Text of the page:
The Open 5 event is a 5hr run and bike event with navigation. We left early but got to the event with out incident, unfortunately not all were so lucky. It was a very cold morning, but slowly the sun came out and the temperature began to rise.

I’ve not done many of the Open 5 races, and didn’t realise till late on how much weight was given to the bike section. My choice to clear the run wasn’t the best of plans, but the run up over the top of the hill was magnificent.

Alex Pilkington in the distance, up above the clouds in deep snow at the Open 5

On the bike I didn’t choose a very good route, and as such finished outside the top 3, but I had had some great navigation practice, which was my main aim of the day. Results here.

Now its a case of packing all my kit for Ecuador, resting up and getting ready to take on the next big race. I’m really excited by it, and looking forward to getting out to a new country and to discover some amazing new places.

I am due to be away for a month too. I am in Ecuador for almost 2 weeks, then I get back and and doing some work for Sport Relief, then helping out at the next Open 5 event on the North Downs, before zooming north to help Wildfox Events launch their next big event, The Glencoe Marathon, which is sure to be fantastic, with a stunning, buttery tough route set and Wildfox’s mazing support work it will be a top day out come October.

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Posted by: Bruce Duncan | January 27, 2012

Fueling for Adventure

Andy with one of the trolleys of food in Punta Arenas

As February looms ever closer, and the start of my next big race comes in sight over the horizon, I find myself slipping back into the old routine.

Lists start to dominate my life, having to pin down every single thing that I will need to take away to Ecuador, both in terms of kit and also food.

There are so many different ‘sports foods’ out there on the market, all promising so many benefits, extra power, more endurance, better concentration.  However there are very few of these that I actually use. They are all designed on the whole for short duration sports, endurance seems to be about an hour in their book, not the 4 days that I need.  As a result, a lot of the energy comes from sugars, and if you were to consume these continuously for the duration of the race, my stomach at least would be in pieces.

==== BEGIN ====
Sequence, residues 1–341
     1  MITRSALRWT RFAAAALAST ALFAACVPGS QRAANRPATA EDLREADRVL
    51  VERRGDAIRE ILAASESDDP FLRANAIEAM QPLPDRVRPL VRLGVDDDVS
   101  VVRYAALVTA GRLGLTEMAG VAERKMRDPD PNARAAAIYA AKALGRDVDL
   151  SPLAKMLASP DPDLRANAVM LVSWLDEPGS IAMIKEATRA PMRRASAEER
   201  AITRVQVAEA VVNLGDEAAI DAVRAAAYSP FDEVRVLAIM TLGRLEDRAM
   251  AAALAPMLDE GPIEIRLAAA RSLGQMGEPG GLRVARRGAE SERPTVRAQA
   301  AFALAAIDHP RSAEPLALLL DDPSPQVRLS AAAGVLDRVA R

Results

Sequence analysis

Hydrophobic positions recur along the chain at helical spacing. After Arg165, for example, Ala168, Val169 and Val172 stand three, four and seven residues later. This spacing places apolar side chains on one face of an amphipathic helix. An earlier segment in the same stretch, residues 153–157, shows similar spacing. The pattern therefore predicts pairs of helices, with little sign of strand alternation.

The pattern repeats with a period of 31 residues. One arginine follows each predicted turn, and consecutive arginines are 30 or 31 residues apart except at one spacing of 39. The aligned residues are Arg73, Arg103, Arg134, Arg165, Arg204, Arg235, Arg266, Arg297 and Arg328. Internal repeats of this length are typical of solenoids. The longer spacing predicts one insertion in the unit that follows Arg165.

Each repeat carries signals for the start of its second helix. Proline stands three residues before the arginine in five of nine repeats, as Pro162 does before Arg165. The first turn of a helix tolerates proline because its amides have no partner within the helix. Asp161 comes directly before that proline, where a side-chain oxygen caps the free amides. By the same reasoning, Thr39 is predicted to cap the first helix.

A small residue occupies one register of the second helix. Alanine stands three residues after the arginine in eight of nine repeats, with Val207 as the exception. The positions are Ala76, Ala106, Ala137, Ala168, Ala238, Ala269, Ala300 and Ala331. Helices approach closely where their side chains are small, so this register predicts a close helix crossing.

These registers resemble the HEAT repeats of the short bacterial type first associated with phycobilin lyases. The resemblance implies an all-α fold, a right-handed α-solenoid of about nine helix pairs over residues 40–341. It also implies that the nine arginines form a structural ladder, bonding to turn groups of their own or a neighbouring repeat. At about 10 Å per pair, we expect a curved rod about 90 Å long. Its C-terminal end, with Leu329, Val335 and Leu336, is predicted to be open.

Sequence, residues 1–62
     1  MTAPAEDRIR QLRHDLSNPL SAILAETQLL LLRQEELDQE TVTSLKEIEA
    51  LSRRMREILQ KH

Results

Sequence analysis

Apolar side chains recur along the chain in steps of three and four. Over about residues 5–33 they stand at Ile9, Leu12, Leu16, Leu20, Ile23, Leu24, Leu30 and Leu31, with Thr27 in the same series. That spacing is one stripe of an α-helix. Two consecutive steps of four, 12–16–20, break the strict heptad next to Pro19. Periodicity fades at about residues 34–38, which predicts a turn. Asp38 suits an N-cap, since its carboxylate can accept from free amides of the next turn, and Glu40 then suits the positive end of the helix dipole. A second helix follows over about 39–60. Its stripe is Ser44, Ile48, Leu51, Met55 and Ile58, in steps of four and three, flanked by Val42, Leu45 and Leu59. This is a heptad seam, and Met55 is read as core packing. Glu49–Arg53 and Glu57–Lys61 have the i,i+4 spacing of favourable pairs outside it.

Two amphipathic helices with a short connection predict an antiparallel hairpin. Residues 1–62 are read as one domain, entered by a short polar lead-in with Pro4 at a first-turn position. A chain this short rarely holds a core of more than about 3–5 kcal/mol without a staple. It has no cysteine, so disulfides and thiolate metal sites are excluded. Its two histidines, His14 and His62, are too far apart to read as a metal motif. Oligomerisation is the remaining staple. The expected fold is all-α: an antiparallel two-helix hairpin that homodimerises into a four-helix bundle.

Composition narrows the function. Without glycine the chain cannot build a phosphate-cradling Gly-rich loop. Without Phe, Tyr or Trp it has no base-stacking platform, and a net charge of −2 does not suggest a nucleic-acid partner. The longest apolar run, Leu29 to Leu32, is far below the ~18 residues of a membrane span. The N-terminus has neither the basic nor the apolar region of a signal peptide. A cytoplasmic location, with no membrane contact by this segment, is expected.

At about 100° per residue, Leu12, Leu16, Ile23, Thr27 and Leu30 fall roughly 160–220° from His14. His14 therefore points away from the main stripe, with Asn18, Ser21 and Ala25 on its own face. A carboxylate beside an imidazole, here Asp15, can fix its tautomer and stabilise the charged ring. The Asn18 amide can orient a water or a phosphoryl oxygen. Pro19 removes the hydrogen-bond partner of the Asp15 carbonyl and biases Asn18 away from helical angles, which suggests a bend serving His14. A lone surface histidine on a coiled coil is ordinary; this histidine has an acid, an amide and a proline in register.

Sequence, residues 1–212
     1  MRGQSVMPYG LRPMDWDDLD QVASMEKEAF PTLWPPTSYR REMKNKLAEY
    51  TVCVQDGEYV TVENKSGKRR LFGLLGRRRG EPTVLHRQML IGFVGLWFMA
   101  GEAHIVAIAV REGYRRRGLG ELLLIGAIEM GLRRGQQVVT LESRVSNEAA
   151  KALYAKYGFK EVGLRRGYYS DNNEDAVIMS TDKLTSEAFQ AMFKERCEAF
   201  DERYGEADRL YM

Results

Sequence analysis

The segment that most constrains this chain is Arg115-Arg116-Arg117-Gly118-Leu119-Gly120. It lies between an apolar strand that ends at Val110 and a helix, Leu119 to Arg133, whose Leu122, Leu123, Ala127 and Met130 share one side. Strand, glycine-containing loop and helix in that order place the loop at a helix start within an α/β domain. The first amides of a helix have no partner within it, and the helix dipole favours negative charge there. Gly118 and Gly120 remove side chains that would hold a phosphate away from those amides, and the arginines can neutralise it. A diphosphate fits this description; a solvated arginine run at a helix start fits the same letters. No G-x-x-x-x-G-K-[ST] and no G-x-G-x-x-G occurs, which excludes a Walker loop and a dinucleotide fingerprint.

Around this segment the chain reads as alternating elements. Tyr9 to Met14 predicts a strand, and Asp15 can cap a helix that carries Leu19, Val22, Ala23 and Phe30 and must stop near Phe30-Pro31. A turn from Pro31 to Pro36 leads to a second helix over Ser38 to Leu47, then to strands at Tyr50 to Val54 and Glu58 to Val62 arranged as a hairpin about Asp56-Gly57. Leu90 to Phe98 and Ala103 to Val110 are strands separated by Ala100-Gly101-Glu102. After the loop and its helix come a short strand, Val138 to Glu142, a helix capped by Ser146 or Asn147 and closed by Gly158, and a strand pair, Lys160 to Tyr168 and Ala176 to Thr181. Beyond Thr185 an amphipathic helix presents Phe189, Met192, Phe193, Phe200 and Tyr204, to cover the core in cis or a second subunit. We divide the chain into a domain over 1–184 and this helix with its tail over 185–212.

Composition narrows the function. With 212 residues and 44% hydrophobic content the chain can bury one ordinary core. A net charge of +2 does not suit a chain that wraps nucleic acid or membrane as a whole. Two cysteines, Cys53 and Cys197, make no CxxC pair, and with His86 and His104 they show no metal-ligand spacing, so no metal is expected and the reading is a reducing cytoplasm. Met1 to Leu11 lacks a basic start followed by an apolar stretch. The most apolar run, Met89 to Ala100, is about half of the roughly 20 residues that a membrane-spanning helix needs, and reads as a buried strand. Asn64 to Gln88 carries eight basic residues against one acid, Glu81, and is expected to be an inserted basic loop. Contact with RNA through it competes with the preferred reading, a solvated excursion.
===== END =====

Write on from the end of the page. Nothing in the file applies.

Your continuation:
Over the years I have worked out what seems to work well for me, and what works both for energy levels and logistically for an expedition race.  The long and short of it is that the best thing to eat I find is normal food.

With all these huge advertising budgets and promises the vast majority of the sports foods either don’t taste very good, have too much sugar, are too bulky to carry, or are very expensive!  While the bog standard everyday food you eat to survive for your normal life provides all the energy you need, with the taste you like too!

High 5 Zero

For the Patagonian Expedition Race we take only a few scientific products.  The main one being High 5 Zero, which is an electrolyte, used to prevent cramps, and to make the water taste better.  We also take Peronin, which is a meal replacement powder, a very light form of getting lots of calories in, and the last thing is For goodness shakes, which in the powder form works well as a breakfast bomb, (plastic bag, granola, fgs powder, then mix with water).

For the rest of our nutritional needs we usually get to a country and search out the big supermarket.  And it is the only time that I usually stand looking at the calorific value of all the foods I pick up.

Food glorious Food! All laid out to be sorted into bags.

The main things we go for are plenty of savoury items, sandwiches and cold pizza are brilliant for the first few days, but can go off.  For later in the race, tortilla wraps and pate are very easy to carry and keep for a long time.  This is usually supplemented with salami and other cured meats to add both protein and flavour.  The rest of the food we get is a mixture of sweet and savoury, chocolate, crisps, bars, noodles (if we know we can heat water up), tinned/boxed fruit, flavoured milk, coke, granola, and many other little treats.

The shopping trip is always a big one, often involving 2 trolleys.  This often stands out in the supermarket, but if you consider we are usually buying 5 days worth of food for 4 people, and thats 5 days continuous, which is probably the equivalent of over 2 weeks for normal consumption, at around 6000 calories per day.

Andy enjoying some tasty food in a snow storm